Concessional contributions

Concessional is a term used to describe favourable tax treatment. For example, earnings in superannuation funds receive concessional tax treatment. The term 'concessional contributions' means that such contributions receive special tax treatment.


Concessional contributions are before-tax contributions that can include employer contributions, contributions made under a salary sacrifice arrangement and tax-deductible contributions by an individual.

Set out below are all SuperGuide articles explaining Concessional contributions.

Temporary concessional contributions cap expanded to 50 somethings from July 2014   Super Guide

In July 2013, the federal government introduced a temporary concessional contributions cap of $35,000 for over-60s which has been expanded to 50-somethings from July 2014.

Higher concessional contributions cap applies to over 50s from July 2014   Super Guide

Q: Do you need to be 60 at July 1 or could you turn 60 any time in 2013/2014 to take advantage of the new $35,000 cap?

Super concessional contributions: 2014/2015 survival guide   Super Guide

Superannuation contributions can be divided into two types — concessional (before-tax) and non-concessional (after-tax). Each type of super contribution is subject to a contributions cap.

Double contributions tax for high income earners   Super Guide

Anyone earning more than $300,000 (including rental property losses and other items) now pays 30% tax on concessional contributions paid into a super fund, doubling the super tax bill for high-income earners. The regular contributions tax is a flat rate of 15%.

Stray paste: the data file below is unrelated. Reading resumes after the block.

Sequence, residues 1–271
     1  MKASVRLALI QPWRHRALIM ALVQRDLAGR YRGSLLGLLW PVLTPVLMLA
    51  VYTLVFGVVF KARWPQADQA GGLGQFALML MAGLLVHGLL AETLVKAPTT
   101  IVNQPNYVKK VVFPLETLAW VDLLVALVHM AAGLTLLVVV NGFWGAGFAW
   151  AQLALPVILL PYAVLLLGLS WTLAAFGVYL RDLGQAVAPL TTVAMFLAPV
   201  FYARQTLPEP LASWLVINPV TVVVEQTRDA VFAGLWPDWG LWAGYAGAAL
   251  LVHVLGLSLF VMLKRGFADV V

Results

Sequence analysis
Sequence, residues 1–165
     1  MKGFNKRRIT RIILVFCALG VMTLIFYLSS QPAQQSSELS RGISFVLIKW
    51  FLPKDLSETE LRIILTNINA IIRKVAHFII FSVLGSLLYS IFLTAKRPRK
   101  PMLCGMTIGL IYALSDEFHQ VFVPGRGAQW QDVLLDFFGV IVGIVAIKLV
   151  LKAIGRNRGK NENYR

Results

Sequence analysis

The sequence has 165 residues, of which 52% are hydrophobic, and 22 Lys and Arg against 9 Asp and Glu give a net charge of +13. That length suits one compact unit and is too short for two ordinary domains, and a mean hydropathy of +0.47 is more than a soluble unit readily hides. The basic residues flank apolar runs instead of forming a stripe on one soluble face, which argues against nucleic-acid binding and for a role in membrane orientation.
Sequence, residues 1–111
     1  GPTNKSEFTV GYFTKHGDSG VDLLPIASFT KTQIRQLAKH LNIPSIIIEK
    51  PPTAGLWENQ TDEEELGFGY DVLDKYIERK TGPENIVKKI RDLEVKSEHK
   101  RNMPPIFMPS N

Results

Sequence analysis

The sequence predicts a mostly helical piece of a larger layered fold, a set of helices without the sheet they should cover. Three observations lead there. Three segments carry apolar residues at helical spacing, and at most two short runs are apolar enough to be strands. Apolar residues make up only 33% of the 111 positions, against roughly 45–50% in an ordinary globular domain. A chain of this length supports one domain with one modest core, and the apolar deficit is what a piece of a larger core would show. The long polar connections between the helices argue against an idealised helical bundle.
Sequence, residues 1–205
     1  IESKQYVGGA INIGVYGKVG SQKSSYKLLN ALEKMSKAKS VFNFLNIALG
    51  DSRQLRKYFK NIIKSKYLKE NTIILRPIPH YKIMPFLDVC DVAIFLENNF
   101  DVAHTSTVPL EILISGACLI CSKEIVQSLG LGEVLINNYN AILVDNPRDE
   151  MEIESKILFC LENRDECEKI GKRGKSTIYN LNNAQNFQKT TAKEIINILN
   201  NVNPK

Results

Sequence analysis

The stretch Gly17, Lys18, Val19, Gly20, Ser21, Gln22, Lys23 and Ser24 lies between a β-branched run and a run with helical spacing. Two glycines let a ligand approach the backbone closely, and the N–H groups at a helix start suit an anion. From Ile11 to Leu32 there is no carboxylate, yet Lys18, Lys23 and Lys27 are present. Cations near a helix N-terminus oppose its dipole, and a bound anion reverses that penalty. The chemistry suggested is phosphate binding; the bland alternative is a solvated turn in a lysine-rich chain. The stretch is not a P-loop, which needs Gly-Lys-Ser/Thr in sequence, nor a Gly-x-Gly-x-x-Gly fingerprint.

Tax deductible super contributions: Meeting the 10% income test   Super Guide

Q: I work for myself but I also have a part-time job. I have been told that even though I receive SG from my part-time employer, I can also make tax-deductible super contributions. Is that true? And if it is true, how does it work?

Superannuation Guarantee: Many Aussies to miss out on SG increase   Super Guide

You can expect some difficult conversations between employers and employees in coming months as some salaried employees discover that the Superannuation Guarantee (SG) increase of 0.25% (taking the SG rate to 9.5%) will not benefit those employees on fixed remuneration packages.

Superannuation Guarantee: 10 facts about your SG entitlements   Super Guide

If you work as an employee, and you satisfy certain minimum requirements, your employer must pay Superannuation Guarantee (SG) contributions on your behalf, to a super fund.

SG now paid for over 70s (since July 2013)   Super Guide

Since 1 July 2013, eligible employees who are 70 years or older have received Superannuation Guarantee (SG) payments from employers. The previous SG rules stopped SG entitlements when an employee turned 70 years of age.

Managing capital gains tax with super contributions   Super Guide

Q: I am about to make a capital gain of about $200,000 on an investment property I have owned for several years. My marginal tax rate is 32.5% and I am an employee, and 43 years old.

Concessional contributions caps: 10 facts you should know   Super Guide

We receive many questions about the concessional contributions caps. Throughout 2014, SuperGuide, as always, will regularly update readers on any proposed changes to the contributions caps (and other super changes), and the implications of such changes on super strategies.